Pearl Alley Facelift Proposed for 2013
If the corner of High and Broad is the epicenter of Columbus, then Lynn Street and Pearl Street are the back alley alter ego a half a block away where you can get acquainted with the real culture of the city: ethnic restaurants, graffiti murals and a quirky little farmers market that sells as many cupcakes and energy drinks as it does eggplants and artisan cheeses.
A new proposal from the Capital Crossroads Special Improvement District and the City of Columbus hopes to bolster that reputation for this perpendicular pair of alleyways. Plans created jointly by local urban design firm MKSK and local artist Malcolm Cochran call for new streetscaping, lighting, signage and other features designed to encourage additional retail stores to be developed in this area.
“Our goal with the alley is to create a retail enclave that allows for a mix of temporary and permanent retail,” says Cleve Ricksecker, executive director of Capital Crossroads. “The idea is that this alley system would be the Pearl Market 365 days of the year, and further supplemented by the summer market and other events.”
Ricksecker says that the section of Pearl between Gay and Broad streets, and the section of Lynn between High and Third streets is capable of supporting as many as 45 small retail stores through the reconfiguration of existing buildings that line the alleys. Capital Crossroads is working with property owners on plans to potentially repurpose narrow buildings facing outward to allow for multiple small retail bays to be “punched out” fronting the alleys.
“We’ve found that there is a huge unmet demand for retail Downtown,” Ricksecker explains. “There is a supply of retail stores that would like to do business in Downtown, but there’s a dearth of appropriate space for retailers.”
He says that existing vacant retail spaces on main roads, such as High Street, are too large for most independent retailers, whereas the alley concept allows for a cluster of spaces roughly 200 square feet in size.
“That is a perfect size for a startup retail venture,” Ricksecker says. “Once the cost of reconfiguring and upgrading the building is factored in, the rent for those spaces could be $30 per square foot. That’s still only $600 per month for a retail space, which is very affordable regardless of the cost of upgrading the building.”
Properties that the proposed plan is targeting for ideal retail conversion locations include:
- The Scientology Building (currently for sale) at 30 North High Street, which is 20 feet wide and 187 feet deep, which could be converted to 12-to-15 retail spaces facing Lynn Alley.
- The Rick Abraham Building at 24 North High Street, across Lynn from the Scientology Building and very similar in its long and narrow layout.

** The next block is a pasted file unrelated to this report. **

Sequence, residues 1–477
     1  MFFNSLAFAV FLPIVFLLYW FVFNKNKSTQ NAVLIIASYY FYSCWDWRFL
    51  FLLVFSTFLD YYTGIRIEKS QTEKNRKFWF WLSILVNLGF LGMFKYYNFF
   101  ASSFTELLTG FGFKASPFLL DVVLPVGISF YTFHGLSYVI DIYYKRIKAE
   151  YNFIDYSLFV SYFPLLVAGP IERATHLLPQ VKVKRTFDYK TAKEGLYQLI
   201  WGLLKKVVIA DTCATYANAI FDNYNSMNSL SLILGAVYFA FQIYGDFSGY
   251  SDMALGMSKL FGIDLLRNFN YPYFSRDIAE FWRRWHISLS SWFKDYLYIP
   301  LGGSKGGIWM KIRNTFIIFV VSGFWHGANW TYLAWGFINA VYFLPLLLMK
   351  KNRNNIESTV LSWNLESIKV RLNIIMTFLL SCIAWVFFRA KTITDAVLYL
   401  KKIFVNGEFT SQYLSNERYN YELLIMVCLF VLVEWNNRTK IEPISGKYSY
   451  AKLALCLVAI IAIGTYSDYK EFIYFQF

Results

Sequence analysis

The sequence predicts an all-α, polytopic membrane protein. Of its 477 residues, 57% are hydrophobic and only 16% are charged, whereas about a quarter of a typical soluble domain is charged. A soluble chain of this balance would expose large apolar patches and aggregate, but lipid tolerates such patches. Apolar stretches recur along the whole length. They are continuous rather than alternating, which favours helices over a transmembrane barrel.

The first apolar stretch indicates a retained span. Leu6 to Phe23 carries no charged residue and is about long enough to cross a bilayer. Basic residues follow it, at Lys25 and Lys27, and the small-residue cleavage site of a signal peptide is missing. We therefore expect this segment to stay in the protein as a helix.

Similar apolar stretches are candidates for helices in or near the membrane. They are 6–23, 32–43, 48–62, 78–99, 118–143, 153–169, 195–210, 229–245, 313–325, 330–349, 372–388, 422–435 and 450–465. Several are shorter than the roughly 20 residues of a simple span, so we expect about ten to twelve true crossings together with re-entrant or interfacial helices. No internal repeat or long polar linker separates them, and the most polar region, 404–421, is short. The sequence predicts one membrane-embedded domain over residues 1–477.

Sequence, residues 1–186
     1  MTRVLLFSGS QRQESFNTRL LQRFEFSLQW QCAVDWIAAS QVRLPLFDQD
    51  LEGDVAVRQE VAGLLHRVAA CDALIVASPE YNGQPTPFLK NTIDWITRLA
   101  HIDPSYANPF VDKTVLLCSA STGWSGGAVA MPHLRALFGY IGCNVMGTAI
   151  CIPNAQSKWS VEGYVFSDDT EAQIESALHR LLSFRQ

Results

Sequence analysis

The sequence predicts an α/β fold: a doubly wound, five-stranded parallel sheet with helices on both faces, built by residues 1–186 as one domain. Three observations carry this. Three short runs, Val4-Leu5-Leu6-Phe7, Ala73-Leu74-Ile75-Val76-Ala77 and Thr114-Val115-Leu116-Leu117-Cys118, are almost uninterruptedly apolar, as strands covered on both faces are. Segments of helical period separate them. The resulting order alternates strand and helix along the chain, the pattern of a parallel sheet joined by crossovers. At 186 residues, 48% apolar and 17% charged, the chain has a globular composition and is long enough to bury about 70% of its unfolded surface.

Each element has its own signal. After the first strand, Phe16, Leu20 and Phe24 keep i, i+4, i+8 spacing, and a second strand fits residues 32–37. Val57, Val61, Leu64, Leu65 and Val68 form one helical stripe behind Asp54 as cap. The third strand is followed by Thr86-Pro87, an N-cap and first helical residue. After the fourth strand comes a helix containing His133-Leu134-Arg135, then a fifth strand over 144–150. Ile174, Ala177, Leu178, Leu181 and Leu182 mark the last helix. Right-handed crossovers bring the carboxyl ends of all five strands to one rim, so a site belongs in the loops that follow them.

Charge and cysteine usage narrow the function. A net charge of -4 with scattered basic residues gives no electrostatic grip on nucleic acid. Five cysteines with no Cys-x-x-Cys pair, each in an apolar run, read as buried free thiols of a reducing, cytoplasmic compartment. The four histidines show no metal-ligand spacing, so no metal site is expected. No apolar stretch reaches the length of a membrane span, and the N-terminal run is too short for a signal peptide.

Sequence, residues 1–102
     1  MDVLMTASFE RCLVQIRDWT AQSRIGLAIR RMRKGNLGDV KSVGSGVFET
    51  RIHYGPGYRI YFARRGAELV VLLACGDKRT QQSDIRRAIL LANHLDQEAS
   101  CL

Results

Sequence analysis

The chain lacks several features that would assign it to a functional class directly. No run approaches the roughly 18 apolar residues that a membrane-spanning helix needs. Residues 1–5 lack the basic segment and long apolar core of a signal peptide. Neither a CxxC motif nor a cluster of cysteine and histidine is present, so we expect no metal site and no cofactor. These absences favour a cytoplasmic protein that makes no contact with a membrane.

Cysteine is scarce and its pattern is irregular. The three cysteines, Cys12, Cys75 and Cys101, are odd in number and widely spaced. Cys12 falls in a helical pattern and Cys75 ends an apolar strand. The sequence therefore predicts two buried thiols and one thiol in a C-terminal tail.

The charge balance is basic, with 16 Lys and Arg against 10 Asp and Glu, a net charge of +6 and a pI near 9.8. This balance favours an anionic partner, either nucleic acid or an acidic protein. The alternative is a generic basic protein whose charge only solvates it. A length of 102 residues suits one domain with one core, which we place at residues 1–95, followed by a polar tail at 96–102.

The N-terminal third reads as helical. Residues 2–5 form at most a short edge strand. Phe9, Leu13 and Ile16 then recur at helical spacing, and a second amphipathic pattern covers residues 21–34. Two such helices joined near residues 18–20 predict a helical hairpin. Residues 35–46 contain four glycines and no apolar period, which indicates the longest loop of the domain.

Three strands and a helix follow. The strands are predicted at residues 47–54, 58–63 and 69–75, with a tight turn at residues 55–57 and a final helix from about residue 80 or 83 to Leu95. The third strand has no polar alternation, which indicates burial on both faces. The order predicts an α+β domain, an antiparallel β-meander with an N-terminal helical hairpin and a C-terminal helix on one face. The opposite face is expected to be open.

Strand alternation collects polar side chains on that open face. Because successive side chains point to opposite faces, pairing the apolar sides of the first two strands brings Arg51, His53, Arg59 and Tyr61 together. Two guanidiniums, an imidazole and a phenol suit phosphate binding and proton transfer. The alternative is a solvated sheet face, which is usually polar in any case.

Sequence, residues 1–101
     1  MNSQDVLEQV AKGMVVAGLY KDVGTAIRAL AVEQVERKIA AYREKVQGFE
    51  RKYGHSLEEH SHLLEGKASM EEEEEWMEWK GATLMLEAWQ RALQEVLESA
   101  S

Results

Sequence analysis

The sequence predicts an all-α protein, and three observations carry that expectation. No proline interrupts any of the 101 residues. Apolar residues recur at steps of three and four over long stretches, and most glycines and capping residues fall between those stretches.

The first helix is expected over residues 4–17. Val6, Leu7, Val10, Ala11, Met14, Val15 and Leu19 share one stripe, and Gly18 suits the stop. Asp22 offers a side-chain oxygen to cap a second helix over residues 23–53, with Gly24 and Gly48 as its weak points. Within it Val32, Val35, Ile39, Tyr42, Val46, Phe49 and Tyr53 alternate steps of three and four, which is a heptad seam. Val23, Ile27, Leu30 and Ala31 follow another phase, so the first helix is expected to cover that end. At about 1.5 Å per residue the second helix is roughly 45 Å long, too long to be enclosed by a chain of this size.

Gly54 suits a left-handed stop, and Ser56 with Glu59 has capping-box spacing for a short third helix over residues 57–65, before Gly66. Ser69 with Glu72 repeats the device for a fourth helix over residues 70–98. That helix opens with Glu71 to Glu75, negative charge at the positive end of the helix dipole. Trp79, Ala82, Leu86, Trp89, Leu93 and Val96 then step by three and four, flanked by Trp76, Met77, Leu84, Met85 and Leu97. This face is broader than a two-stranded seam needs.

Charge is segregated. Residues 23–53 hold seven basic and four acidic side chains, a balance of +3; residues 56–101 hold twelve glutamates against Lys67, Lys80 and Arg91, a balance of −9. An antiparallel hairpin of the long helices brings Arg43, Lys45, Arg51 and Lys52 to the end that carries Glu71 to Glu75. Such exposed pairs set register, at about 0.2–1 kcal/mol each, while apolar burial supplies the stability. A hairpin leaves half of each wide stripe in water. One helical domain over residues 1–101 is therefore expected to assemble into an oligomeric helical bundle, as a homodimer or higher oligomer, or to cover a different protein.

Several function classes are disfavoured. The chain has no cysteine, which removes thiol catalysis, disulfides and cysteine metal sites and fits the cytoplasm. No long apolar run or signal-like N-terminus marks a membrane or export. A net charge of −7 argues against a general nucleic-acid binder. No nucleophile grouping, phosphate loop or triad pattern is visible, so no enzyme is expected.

- The historic building at 20 E. Broad St. that faces Pearl Alley.
- A building at 62 E. Broad St. owned by The Columbus Dispatch, which contains two empty retail spaces that face Lynn Alley.
- The Skylab building at 57 E. Gay St., which has a single unused retail space facing Lynn Alley.
- The Central Telephone Building at 33 N. Third St., which could be configured to have up to 9 individual retail bays facing Lynn Alley, in addition to a restaurant space that is currently unused.
To encourage this type of development, the proposed Pearl Market plan calls for the installation of two types of overhead lighting along Lynn Alley, a long plastic hedge row along Pearl Alley to visually draw people through the space, a small permanent stage for live music events, and a bollard system along both streets that would provide some division for pedestrians and auto traffic, as well as a space for floral displays and greenery.
“The plan is designed to let people on adjoining streets know that they’re passing an area that’s a special place,” Ricksecker says. It’s designed to brand the whole area as Pearl Market and it’s designed to accommodate both the operational needs of the alley and activities like the farmers market.”
Perhaps most significantly, the plan calls for the installation of a large Pearl Market sign at the entrance to Lynn Alley from High Street, alerting visitors that they’re capable of entering this newly designated district. The sign would light up at night and be easily visible to both automotive and pedestrian traffic.
Ricksecker hopes that the new improvements will compliment the existing character of the Downtown buildings in this area.
“Everything we do is designed to maintain the grittiness of the alley,” he says. “We’re not going to turn this into Easton.”
Some preliminary construction work is already under way on Lynn Alley. The raised patio and depressed patio areas in front of Thai Lotus are being removed to help with access restrictions in the alley. The full proposed concept for redevelopment still requires approval from property owners in the area, multiple city departments, the Downtown Commission, and the Columbus Arts Commission.
“We’d love to get the project started in the Summer of 2013 and completed Fall 2013,” Ricksecker says. “But we have lots of steps to go through before this thing is a reality.”